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Year : 2014  |  Volume : 7  |  Issue : 4  |  Page : 476-477  

Invited commentary: Restructuring post graduate syllabus in pharmacology

Department of Pharmacology, M. P. Shah Government Medical College, Jamnagar, Gujarat, India

Date of Web Publication25-Jun-2014

Correspondence Address:
Anupama Sukhlecha
Department of Pharmacology, M. P. Shah Government Medical College, Jamnagar, Gujarat
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Source of Support: None, Conflict of Interest: None

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How to cite this article:
Sukhlecha A. Invited commentary: Restructuring post graduate syllabus in pharmacology. Med J DY Patil Univ 2014;7:476-7

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Sukhlecha A. Invited commentary: Restructuring post graduate syllabus in pharmacology. Med J DY Patil Univ [serial online] 2014 [cited 2021 Sep 17];7:476-7. Available from:

Over the years, many medical graduates are opting for MD Pharmacology course. The reason being that, there are various career options for MD Pharmacologists, for example academia, pharmaceutical industry, medical writing, pharmacovigilance and so on. They can also get involved in preclinical and clinical research including clinical trials.

There are PG curriculum guidelines by various universities in India. [1] However, the syllabus, training and assessment of Pharmacology are not uniform all over India. The training in MD Pharmacology provides little practical training in healthcare settings, in industry or at regulatory agencies. The contents of the syllabus are not updated. The examination pattern is theory oriented with less of practical approach. [2] Hence, there is a need to restructure PG syllabus in India.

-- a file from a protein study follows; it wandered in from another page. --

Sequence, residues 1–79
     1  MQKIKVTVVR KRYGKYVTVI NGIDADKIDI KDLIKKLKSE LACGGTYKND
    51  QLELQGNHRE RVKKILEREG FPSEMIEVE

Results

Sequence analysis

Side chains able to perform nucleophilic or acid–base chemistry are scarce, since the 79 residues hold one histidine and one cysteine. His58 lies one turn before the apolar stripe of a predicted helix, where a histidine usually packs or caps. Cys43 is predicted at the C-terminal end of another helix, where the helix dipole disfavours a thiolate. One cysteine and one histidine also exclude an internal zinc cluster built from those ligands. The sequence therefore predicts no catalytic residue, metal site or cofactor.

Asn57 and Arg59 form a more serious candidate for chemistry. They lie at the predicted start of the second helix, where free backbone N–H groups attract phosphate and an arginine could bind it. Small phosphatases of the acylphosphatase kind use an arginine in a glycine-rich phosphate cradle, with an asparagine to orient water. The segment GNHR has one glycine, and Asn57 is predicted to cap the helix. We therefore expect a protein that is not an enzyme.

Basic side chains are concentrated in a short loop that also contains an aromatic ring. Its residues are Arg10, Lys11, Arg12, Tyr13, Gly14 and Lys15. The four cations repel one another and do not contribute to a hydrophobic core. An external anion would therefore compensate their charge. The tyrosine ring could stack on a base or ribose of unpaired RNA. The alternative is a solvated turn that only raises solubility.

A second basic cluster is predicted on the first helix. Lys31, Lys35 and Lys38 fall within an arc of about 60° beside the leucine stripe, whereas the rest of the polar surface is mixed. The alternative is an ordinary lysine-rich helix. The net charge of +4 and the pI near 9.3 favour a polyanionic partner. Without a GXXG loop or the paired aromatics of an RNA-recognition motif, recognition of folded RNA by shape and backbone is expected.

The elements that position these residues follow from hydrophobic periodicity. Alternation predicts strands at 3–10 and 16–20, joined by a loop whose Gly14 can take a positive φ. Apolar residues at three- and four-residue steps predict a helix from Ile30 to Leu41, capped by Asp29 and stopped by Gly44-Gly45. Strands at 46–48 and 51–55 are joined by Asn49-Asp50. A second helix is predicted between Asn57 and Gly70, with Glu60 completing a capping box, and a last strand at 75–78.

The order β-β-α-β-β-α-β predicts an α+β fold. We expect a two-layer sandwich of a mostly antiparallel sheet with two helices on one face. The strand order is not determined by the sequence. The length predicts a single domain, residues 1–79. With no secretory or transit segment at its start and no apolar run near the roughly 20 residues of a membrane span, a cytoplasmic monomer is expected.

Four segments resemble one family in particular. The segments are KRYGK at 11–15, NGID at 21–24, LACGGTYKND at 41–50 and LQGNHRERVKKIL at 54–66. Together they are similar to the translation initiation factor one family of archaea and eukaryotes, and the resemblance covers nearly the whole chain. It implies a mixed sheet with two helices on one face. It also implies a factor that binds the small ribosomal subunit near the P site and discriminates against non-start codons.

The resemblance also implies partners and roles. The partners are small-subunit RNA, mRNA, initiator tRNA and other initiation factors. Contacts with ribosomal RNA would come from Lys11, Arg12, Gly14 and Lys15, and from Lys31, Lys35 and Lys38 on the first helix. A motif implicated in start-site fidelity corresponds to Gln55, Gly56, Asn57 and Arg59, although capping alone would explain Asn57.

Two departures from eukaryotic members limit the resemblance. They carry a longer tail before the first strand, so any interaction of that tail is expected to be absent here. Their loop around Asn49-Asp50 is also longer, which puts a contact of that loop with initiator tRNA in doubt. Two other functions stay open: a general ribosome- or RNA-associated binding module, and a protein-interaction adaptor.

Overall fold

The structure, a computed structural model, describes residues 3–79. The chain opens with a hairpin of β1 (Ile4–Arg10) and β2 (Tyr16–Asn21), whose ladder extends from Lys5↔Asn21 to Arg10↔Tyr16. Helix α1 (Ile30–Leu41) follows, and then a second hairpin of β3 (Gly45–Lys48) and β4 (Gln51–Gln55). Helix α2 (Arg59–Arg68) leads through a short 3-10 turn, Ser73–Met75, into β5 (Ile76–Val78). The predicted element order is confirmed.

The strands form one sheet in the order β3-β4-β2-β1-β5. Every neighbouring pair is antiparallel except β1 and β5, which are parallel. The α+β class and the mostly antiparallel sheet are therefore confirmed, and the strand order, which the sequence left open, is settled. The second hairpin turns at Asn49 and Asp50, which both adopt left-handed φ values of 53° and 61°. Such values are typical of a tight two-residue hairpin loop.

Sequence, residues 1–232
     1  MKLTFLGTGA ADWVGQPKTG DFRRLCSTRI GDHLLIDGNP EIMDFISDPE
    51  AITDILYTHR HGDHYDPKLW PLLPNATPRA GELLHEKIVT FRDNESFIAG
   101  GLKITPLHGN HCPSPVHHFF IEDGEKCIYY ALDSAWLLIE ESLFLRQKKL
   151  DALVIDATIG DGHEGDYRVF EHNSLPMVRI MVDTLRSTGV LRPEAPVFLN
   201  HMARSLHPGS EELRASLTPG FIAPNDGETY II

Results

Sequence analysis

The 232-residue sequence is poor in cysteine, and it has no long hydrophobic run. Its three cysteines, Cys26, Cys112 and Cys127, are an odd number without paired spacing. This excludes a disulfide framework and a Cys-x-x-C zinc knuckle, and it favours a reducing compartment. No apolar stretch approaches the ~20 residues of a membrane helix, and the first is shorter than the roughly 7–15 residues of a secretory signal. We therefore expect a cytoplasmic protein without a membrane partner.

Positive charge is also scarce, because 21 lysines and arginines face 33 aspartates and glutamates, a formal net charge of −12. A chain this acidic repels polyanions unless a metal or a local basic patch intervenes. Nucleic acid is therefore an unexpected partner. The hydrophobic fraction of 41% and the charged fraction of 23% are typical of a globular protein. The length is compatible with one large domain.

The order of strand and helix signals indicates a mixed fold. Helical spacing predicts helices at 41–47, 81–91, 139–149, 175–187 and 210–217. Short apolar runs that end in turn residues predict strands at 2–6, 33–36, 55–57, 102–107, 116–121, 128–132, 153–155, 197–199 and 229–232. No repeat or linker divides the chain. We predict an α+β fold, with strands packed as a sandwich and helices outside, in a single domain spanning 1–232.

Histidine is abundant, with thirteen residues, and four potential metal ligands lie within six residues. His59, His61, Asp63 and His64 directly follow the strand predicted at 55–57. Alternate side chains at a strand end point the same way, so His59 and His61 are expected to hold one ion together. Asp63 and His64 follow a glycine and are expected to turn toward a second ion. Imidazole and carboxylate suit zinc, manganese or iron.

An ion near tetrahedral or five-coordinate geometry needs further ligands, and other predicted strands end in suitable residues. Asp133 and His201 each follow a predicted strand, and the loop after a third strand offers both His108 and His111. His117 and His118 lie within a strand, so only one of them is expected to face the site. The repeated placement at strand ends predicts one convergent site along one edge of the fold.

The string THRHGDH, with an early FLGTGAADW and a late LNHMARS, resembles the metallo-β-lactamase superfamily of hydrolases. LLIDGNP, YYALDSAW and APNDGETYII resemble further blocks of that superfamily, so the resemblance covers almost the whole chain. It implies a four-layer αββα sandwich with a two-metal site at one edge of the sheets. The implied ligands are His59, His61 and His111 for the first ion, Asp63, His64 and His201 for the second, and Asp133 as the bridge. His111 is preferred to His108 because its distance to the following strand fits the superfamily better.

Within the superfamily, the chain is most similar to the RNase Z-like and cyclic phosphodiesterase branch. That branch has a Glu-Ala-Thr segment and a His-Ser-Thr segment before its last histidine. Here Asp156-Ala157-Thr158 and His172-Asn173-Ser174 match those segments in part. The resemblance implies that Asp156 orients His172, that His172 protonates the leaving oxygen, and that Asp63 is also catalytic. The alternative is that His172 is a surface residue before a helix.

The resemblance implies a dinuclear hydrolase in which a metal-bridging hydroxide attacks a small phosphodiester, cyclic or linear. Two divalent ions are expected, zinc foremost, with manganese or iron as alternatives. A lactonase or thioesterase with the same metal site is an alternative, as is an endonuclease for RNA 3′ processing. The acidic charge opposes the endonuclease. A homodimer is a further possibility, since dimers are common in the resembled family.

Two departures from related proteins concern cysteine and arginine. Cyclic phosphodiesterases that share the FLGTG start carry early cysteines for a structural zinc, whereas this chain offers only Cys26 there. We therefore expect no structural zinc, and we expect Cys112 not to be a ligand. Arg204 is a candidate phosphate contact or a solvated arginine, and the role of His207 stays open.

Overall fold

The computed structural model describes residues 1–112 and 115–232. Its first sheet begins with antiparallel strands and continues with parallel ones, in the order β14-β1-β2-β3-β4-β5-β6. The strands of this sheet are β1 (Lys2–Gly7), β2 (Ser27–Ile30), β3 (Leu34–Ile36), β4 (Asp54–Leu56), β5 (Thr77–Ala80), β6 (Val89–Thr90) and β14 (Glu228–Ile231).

An Indian study says that "Most of the medical institutes in India are not equipped with required infrastructure. The faculty members are not fully trained in recent advances. A collaborative and positive research atmosphere is lacking in majority of the institutes. Very few institutions in India provide funds for registration and/or travel to attend or present scientific research at conferences. For postgraduate courses, a research project and dissertation are mandatory. However, the PG dissertation topics are repetitions of previous studies leading to few noteworthy scientific contributions." [3]

  What Can Be Done? Top


There should be a common syllabus with accreditation all over India. It should cover not just knowledge but also skills and attitudes. Infrastructure in institutes can be improved. Training to write rational prescriptions and to audit hospital prescriptions should be given to PG students. They should be also be trained on pharmacovigilance and adverse drug reporting. Bioassays can be included, but the curriculum should be modified to accommodate recent advances also. The PG students should be posted in hospital wards (for at least a month in each year). [4] The course needs to emphasize that research will survive only if it is beneficial to patients and society.

Training programs